Friday, February 26, 2010

This week in Africa!

Interesting Newspaper Headlines

  1. “Albinos demand special seat in Parliament”
  2. “55-year-old dies in salon after haircut”
  3. “Girl dies in school stampede”
  4. “Hundreds attend Jinja anti-homosexuality rally”--- "Let them keep their homosexuality and their money as well”--Anti-gay protestor
  5. “Bushenyi students cane head teacher"
  6. “Woman arrested over trying to sell six-year-old niece”
  7. “Dracula vs. Ali Baba and the Forty Thieves in Uganda”
  8. “Polygamy is a necessary evil for African women”
  9. “Connect Karamoja to fibre optics network"
  10. “Climbing out of poverty with beans”
  11. “18 ministries run out of cash”
  12. “Chicken Pox strikes Pader”
  13. "Man’s body found under impounded bus by police”
  14. “2010: Gloom and more gloom”
  15. “Teachers want social security investment not bicycles”
  16. “Female officers control more than the flow of traffic” ---“Someone stops his car and tells you Afande you look smart, can I give you my phone number so I can take you out tonight?”--Bako, Traffic Policewoman
  17. “This country needs my services”
  18. “I will not use the youth as a Kiboko squad or teach them to shoot their brothers and sisters”
  19. “The beauty of chandeliers”
  20. “Celebrating 131 years of Catholic evangelism in Uganda”
  21. “Nearly suffocated at the door of a Swift bus”
  22. “Crocodile eats Mayuge pupil”
  23. “Woman jailed for procuring abortion”
  24. “No place for tribalism in modern politics”
  25. “Only America can help 'humanise' the Saudi”
  26. “Ray of hope in Zanzibar as govt moves to end power blackouts: The island has had a blackout lasting over two months”
  27. “Surge in ivory poaching fuelled by organized crime, says report”
  28. “The untold Jekyll and Hyde story of Idi Amin”
  29. "Man cons village with hired car"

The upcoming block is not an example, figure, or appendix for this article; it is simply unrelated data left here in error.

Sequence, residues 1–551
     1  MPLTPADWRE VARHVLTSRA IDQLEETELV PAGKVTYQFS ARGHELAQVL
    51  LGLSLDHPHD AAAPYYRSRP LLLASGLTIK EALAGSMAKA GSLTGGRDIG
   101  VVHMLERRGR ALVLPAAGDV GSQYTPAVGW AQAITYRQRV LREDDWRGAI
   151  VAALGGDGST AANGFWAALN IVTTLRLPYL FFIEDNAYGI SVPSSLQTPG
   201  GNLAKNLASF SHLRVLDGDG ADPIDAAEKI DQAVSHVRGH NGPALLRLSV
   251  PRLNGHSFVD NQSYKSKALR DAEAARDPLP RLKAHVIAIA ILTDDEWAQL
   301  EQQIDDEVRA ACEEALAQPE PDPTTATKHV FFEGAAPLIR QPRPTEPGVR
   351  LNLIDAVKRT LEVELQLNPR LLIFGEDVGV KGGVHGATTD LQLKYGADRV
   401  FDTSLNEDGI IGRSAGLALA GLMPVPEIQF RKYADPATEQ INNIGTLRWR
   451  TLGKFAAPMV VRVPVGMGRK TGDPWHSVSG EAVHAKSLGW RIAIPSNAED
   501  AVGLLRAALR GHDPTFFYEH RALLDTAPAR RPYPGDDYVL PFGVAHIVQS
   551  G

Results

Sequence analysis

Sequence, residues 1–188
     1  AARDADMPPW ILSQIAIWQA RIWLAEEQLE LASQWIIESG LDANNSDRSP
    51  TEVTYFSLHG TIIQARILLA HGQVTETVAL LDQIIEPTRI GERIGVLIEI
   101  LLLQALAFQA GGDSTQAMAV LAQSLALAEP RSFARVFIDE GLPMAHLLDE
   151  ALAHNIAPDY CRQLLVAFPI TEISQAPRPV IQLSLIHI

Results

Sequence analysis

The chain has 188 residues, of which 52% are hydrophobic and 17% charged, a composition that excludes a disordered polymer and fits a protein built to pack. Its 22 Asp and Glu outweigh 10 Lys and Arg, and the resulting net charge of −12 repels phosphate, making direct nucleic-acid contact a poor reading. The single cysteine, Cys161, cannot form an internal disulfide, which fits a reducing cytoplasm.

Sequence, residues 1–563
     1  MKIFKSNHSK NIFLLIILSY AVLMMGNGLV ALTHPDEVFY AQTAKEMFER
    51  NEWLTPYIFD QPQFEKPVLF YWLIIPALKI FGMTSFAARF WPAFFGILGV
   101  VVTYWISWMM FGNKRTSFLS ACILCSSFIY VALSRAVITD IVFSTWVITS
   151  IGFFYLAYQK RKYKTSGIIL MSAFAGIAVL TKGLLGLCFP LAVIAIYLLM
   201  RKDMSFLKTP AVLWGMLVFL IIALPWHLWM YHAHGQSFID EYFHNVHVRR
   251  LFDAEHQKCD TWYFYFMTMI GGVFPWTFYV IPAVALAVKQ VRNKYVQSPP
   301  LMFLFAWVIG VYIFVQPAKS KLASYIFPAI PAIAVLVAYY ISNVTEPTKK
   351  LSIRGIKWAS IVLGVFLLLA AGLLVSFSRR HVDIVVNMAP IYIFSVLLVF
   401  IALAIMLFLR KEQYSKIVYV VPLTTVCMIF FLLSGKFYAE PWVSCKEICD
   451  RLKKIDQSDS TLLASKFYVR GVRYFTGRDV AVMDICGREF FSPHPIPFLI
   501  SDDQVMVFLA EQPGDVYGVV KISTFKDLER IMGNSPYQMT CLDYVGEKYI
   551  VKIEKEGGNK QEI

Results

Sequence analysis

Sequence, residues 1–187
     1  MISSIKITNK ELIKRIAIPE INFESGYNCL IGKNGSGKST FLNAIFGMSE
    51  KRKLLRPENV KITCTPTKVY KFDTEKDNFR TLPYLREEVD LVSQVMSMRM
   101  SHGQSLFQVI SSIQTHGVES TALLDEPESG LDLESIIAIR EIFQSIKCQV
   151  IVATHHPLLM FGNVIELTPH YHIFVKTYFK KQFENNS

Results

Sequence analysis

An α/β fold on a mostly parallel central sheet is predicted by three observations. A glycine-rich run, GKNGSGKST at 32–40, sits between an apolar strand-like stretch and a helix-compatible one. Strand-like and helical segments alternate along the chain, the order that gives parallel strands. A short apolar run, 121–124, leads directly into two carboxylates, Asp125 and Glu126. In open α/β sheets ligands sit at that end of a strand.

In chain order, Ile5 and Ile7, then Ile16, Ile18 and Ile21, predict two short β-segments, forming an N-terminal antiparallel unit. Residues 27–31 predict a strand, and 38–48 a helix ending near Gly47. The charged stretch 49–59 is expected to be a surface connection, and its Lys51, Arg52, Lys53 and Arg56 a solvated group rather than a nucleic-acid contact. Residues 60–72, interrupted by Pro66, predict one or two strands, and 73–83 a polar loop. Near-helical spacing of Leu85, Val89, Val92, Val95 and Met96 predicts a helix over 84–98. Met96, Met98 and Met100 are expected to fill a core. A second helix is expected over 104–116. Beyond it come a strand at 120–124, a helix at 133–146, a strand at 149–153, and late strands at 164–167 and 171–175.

30. "Wife leaves hubby over Valentine's Day"
Vote for your favorite!

Wednesday, February 24, 2010

Mid Program Update

So, I have now been here five months, and it looks like will be staying another five months.

No, its not because I was detained at the airport, married a Ugandan woman, or "thrown back in jail again." Actually, MAPLE, the organization I have been working for since September of last year, decided that my boyish good looks and suave demeanor must continue to represent its Uganda field operations.

My modeling studio will be the village, and my duds, once the rainy season begins, will be a $50 suit with the pant legs tucked into some big rubber rainboots. I will also get the chance to get out of Uganda. In April I am going to attend the Middle East/African MicroCredit Summit in Nairobi where people from all over the world will get the opportunity to rub elbows with yours truly. This brings to mind a conversation I had just this morning with my housemate and colleague Eddie.

Scene: Eddie hanging his clothes up out to dry on the line. I,
standing in the doorway chatting with Eddie. Rachel, sitting on the couch
eating her oatmeal listening.

Joel: Eddie, do you know where I could get some good dress shirts for
the MicroCredit Summit?
Eddie: Yes.
(Joel waiting for an answer that is helpful…..)
(Joel still waiting…)
Joel: Uh, where?
Eddie: Shops.
(Joel laughing)
Joel: Well Geez, thanks Eddie, what a helpful answer! And where are
these shops?
(In an air of “isn’t it obvious”? Eddie responds…)